Duck Eggs — all they’re cracked up to be

Sound Consumer | July 2011

by Erica Strauss

Ask someone why they enjoy duck eggs and you’ll likely hear how rich they are compared to chicken eggs.

Duck eggs can be used in all the ways you’d enjoy chicken eggs, but they boast a proportionally larger yolk than a chicken egg, with a slightly higher fat content. This gives them a wonderful character that’s winning over chefs and consumers.

Pastry chefs love duck eggs because the protein of the whites whips high and light and adds loft to baked goods. The smooth, dark golden-orange yolk imparts a creaminess and color to pastries, custards and ice cream that even the best chicken egg can’t match.

When fried or poached, care should be taken not to overcook duck eggs, because the whites can become tough.

When you use duck eggs for the first time, you’ll notice their heft. They sit solidly in your hand, with a cream or pale green shell you have to work a bit to crack. This thick shell shields the egg from outside contaminants and dehydration. Because of this, the eggs will keep, refrigerated, for more than a month without losing substantial quality.

You may have seen duck eggs nestled in the refrigerator case alongside chicken eggs at your local PCC. Duck eggs look like jumbo (or larger) chicken eggs and are sold by the dozen, just as chicken eggs are.

They generally cost a few dollars more per dozen than premium chicken eggs, but since one duck egg is about 1.7 times the size of a large chicken egg, they’re worth the extra expense.

Jon Stiebrs raises ducks and chickens at Stiebers Farms and provides PCC with Farmer Jon’s Valley Pride duck eggs. I spoke with him about the joys and challenges of raising egg-laying ducks.

According to Jon, ducks are more sensitive and more excitable than chickens and, if conditions aren’t right, they will simply stop laying eggs. “Ducks need a lot of attention,” he says. “Everything has to be just perfect.”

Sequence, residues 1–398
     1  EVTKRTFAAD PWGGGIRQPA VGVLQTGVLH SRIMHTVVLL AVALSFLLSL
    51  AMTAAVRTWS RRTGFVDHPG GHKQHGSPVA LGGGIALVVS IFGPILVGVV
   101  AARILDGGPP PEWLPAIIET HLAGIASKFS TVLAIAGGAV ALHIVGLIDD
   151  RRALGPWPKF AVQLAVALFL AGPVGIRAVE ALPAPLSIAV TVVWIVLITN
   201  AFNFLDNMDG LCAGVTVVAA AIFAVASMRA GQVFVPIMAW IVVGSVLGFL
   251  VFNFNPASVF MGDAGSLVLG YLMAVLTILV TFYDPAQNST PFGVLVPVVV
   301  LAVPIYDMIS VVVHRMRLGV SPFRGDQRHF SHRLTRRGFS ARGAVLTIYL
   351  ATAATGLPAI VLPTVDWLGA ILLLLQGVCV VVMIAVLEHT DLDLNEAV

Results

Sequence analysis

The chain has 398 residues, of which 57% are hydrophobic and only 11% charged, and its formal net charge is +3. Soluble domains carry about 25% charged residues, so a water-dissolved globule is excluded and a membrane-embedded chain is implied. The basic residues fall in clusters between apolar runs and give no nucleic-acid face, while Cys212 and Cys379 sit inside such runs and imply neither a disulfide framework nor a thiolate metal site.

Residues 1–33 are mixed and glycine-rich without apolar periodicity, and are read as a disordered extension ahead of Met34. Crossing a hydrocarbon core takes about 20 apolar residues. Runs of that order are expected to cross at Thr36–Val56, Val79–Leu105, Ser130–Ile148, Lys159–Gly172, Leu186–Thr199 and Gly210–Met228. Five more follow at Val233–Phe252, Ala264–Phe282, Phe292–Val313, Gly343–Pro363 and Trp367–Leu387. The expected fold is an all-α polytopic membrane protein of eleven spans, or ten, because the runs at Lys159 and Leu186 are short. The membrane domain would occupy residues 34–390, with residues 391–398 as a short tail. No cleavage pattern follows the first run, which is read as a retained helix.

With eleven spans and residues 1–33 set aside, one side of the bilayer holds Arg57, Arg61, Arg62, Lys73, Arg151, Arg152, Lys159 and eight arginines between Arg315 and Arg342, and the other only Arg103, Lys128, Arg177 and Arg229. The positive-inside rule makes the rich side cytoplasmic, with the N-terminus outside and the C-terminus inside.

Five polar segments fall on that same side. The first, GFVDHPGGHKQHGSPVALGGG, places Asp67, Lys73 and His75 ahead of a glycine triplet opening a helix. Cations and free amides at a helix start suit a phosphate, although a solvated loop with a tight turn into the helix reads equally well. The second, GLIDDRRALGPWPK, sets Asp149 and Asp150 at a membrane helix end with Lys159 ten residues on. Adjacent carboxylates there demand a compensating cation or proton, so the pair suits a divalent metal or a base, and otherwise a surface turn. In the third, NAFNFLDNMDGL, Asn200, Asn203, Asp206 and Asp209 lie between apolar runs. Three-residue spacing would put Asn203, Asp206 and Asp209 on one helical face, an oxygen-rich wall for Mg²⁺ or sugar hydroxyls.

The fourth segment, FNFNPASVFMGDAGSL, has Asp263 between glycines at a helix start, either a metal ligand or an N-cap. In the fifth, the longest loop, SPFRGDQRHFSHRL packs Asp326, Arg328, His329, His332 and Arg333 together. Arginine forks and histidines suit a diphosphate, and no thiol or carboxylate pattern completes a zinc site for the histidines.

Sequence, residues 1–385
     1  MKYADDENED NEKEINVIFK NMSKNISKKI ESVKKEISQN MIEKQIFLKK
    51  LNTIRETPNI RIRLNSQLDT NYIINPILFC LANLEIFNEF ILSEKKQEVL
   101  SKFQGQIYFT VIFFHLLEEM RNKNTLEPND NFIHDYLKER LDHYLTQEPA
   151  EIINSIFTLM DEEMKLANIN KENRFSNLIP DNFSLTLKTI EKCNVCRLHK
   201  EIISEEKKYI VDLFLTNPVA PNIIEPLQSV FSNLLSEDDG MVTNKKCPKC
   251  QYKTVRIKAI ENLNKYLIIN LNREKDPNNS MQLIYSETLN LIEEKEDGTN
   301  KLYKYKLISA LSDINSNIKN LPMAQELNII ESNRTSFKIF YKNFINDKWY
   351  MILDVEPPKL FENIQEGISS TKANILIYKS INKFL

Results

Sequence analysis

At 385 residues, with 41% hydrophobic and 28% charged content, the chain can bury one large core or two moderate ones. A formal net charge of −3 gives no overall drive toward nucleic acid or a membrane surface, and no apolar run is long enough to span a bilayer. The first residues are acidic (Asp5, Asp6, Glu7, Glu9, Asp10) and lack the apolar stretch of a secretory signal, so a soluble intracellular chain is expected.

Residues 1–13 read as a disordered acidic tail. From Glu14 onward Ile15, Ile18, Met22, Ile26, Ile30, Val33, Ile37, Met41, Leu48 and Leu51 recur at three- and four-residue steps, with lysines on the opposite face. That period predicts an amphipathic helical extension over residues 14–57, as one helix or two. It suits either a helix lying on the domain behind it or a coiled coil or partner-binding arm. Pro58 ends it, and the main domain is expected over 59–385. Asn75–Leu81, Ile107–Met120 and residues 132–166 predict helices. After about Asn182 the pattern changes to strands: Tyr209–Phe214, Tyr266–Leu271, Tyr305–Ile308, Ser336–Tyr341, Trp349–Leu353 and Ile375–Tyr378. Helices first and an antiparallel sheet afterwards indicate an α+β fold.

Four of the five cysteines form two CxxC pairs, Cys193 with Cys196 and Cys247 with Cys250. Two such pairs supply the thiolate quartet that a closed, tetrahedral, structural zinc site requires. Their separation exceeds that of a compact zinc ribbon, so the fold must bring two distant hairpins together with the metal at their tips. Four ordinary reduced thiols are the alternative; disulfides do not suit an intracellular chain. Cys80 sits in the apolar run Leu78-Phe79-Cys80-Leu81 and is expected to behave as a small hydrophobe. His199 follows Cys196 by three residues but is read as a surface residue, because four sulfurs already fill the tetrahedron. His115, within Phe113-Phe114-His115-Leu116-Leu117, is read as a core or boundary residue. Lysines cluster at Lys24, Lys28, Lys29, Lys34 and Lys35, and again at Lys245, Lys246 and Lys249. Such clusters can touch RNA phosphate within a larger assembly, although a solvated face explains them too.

Learning to work with the ducks has required some effort. Jon and his team traveled to Canada, where they observed the practices of a successful Canadian duck egg farm. Those observations and their own experiences on their farm in Yelm, Washington, helped Stiebers Farms implement systems that ensured they could supply the rapidly growing demand for duck eggs.

Stiebers keeps its ducks healthy, happy and laying consistently by supplying supplemental heat in the evening, and contracts with a poultry feed expert who custom designs the rations the layer ducks receive.

Despite Jon’s best efforts, ducks by nature are very sensitive to daylight lengths and weather conditions, and egg supply fluctuates seasonally.

The ducks are housed amongst the flocks of chickens in open, communal houses. Within the mixed flock, Jon says, “the ducks all stay together in a little flock.” He describes the ducks, 250 strong, in a hen house surrounded by far more chickens, moving together as a single herd.

Ducks require greater up-front investment before they begin to lay. Compared to chickens, which can begin to lay eggs when they are 18 weeks old, ducks do not lay until week 27.

Jon packages his duck eggs in cartons designed to hold jumbo chicken eggs, but it’s normal to see variation in the sizes of eggs within a carton. Unlike chicken eggs, which are graded by size (Jumbo, Extra-Large, Large, etc.), grading for duck eggs is not standardized or required.

Jon says raising ducks is a “big commitment,” but the end result is chefs and consumers who clamor for his duck eggs.

Look for Farmer Jon’s Valley Pride duck eggs at your local PCC. Because demand for this increasingly popular product can exceed supply, it’s a good idea to call your local store and confirm that duck eggs are in stock.

Erica Strauss writes about edible gardening, seasonal eating and urban homesteading at nwedible.com. She enjoys frise salads topped with fried duck egg.

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